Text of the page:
Survey research and design in psychology/Assessment/Project/Lab report/Topics/Learning self-efficacy

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Perceived self-efficacy is an individual’s belief in their own ability to perform a specific task or behaviour (Bandura, 1977). The degree of self-efficacy in a certain domain can effect how an individual performs a particular behaviour and their level of persistence when engaging in that behaviour (Bandura).

Individuals scoring higher on self-efficacy have reported higher levels of university satisfaction and satisfaction has been identified as having a greater effect on performance than performance on satisfaction (Bean & Bradley, 1986; De Witz & Walsh, 2002). Students with a strong sense of academic self-efficacy seem to self-regulate more productively, apply more effort, set higher goals, achieve better academic performances and cognitively process information more effectively.

As self-efficacy beliefs have been linked to expended effort and task persistence, university teaching staff, need to help students maintain high, accurate learning self efficacy beliefs. Providing accurate feedback and challenging achievable tasks are two ways to maintain high learning self efficacy (Schunk, 1991). Another implication is for student support services. Learning self efficacy could potentially be enhanced by providing workshops designed to teach specific study, time management and stress reduction strategies (Quimby & O’Brien, 2006).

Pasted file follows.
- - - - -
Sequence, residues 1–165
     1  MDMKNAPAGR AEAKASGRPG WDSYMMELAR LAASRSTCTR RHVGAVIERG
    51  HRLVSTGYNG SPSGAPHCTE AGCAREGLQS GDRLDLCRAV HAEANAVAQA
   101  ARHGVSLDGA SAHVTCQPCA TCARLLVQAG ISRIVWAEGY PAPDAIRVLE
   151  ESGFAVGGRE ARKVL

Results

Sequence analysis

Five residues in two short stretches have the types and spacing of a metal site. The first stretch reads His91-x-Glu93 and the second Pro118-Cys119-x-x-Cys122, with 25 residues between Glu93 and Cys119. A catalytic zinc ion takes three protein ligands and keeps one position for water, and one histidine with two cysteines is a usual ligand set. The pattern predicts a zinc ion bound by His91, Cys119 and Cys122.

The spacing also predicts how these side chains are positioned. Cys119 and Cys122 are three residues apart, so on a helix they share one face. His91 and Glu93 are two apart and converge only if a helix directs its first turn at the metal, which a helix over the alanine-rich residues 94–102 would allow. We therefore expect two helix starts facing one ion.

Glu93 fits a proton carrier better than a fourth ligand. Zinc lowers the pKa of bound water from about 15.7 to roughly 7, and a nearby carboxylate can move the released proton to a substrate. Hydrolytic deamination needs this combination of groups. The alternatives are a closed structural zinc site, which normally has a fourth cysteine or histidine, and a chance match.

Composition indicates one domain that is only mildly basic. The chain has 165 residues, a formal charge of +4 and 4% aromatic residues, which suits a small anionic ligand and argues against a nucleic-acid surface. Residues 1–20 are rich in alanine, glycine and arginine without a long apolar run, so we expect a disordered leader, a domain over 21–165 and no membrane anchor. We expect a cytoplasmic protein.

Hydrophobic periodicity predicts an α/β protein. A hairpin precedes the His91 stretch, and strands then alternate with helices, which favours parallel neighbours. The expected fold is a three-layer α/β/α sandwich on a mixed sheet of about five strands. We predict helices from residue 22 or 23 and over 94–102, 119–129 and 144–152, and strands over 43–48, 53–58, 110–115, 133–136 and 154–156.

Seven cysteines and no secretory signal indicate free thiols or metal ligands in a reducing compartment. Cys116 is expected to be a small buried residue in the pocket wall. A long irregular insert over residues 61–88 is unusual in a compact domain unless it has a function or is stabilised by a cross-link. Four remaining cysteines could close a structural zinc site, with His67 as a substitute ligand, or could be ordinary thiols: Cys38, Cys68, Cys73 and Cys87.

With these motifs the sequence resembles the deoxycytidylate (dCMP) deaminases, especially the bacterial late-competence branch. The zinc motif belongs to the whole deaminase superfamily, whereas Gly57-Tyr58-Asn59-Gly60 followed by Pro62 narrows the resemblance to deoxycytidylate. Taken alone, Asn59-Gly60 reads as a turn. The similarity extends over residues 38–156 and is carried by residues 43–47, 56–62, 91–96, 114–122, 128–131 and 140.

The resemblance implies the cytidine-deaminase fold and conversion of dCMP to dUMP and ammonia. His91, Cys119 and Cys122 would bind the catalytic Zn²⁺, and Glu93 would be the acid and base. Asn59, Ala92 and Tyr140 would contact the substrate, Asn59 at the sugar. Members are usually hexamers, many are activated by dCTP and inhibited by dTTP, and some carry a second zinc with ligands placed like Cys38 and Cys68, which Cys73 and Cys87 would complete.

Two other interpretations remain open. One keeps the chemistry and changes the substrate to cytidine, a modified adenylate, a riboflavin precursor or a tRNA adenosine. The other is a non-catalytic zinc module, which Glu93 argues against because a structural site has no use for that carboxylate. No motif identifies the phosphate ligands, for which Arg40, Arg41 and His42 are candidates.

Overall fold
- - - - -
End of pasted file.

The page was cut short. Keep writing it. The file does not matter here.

References[edit | edit source]

  • Bandura, A. (1977). Self-efficacy: Toward a unifying theory of behavioural change. Psychological Review, 84, 191-215.
  • Bean, J. P., & Bradley, R. K. (1986) Untangling the satisfaction-performance relationship for college students. Journal of Higher Education, 57, 393-412.
  • De Witz, S. J. & Walsh, W. B (2002) Self-efficacy and college student satisfaction. Journal of Career Assessment, 10, 315-326.
  • Lodewyk, K., & Winne, P. (2005). Relations among the structure of learning tasks, achievement, and changes in self efficacy in secondary students. Journal of Educational Psychology, 97, 3-12.
  • Pajares, F. (2002). Gendered and perceived self-efficacy in self-regulated learning. Theory Into Practice, 41, 116-126.
  • Peschar, J. L., Veenstra, R., & Molenaar, I. W. (1999). Self-regulated learning as a cross-curricular competency: The construction of instruments in 22 countries for the PISA main study 2000: Synthesis report. Presented at the Network A Meeting, Echternach, Luxembourg, October. Retrieved May 23, 2008.
  • Quimby, J. L., & O’Brien, K. M. (2006). Predictors of well-being among non-traditional female students with children. Journal of Counseling Psychology, 84, 451-460.
  • Schunk, D. H. (1991). Self-efficacy and academic motivation. Educational Psychologist, 26, 207-231.

See also[edit | edit source]

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